The attorney general for the District of Columbia filed a lawsuit on Wednesday against Facebook for allowing Cambridge Analytica, a political consultancy, to gain access to the names, "likes" and other personal data about tens of millions of the social site's users without their permission.
Washington, D.C. Attorney General Karl Racine said Facebook misled users because it had known about the incident for two years before disclosing it.
The lawsuit comes as Facebook continues to face criticism around the world for mismanaging its users' personal information.
A whistleblower at the consultancy, which worked on Trump's presidential campaign, said it used Facebook data to develop profiles of users who were targeted with personalized messages that could have played on their fears.
The DC lawsuit alleges that Facebook failed to properly monitor data-gathering by third-party apps and that its privacy settings aren't easy for people to use.
The Washington lawsuit alleges that about half of the District of Columbia's roughly 700,000 residents had their data scooped up by Cambridge Analytica in violation of local laws.
Facebook has admitted that up to 87 million users may have had their data hijacked by Cambridge Analytica, which shut down weeks after the news emerged on its handling of private user information.
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The firm used a benign-looking quiz app to gather information on Facebook users and their friends, including names, locations, religious and political affiliations and educational backgrounds.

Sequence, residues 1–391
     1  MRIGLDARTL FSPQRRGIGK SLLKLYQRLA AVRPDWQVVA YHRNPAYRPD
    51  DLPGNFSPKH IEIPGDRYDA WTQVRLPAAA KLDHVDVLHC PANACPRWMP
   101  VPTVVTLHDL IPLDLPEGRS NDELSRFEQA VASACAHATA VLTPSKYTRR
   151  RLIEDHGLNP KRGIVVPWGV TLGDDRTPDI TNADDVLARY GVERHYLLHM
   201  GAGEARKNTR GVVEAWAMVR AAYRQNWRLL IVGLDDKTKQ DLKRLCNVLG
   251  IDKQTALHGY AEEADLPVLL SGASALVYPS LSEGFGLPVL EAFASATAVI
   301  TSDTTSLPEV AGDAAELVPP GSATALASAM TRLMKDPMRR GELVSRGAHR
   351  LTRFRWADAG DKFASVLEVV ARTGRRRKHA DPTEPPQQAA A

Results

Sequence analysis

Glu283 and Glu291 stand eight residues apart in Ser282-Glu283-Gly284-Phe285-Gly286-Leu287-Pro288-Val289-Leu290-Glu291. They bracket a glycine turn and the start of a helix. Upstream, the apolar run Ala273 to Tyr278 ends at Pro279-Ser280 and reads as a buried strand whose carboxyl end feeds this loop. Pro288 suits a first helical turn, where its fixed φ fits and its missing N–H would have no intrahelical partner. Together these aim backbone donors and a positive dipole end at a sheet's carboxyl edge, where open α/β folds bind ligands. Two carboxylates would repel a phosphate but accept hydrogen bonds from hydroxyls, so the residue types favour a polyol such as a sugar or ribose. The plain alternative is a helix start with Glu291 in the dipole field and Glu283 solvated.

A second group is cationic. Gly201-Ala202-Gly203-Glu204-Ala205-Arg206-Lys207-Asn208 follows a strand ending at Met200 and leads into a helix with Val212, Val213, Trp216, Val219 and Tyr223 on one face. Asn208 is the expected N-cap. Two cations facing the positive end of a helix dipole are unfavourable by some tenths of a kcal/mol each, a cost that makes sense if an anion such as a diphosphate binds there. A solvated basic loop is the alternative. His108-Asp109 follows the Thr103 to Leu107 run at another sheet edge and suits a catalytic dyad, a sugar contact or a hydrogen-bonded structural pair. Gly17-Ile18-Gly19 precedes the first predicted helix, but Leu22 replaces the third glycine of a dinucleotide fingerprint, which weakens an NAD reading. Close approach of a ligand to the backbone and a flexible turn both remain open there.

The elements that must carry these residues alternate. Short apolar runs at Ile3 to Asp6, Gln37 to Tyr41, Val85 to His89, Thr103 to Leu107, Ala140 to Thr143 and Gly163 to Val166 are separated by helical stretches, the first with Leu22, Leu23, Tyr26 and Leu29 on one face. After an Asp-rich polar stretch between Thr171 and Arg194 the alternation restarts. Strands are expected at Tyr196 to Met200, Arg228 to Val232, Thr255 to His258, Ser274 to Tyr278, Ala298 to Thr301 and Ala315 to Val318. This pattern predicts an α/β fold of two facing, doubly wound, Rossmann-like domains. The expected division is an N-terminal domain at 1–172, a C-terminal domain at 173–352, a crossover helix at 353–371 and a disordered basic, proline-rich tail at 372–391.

Racine said Facebook had tried to settle the case before he filed the lawsuit, as is typical during investigations of large companies.
The scandal has triggered a series of investigations and broad review by Facebook on how it shares user data with third parties.
Lawsuits of this type take years, however, if Facebook is found guilty, the penalties will be massive. In addition to threatening Facebook's reputation, the suit could potentially cost the company billions. The Facebook CEO was worth around $75 billion at the beginning of the year, but his net worth was recorded at $56 billion on Monday.
The federal investigation involving the Security and Exchange Commission, the Federal Trade Commission and the Justice Department has been underway for months, focusing in part on whether Facebook's representations to investors regarding the Cambridge Analytica scandal have been full and accurate.
It was revealed this week that Facebook's privacy controls had broken down yet again.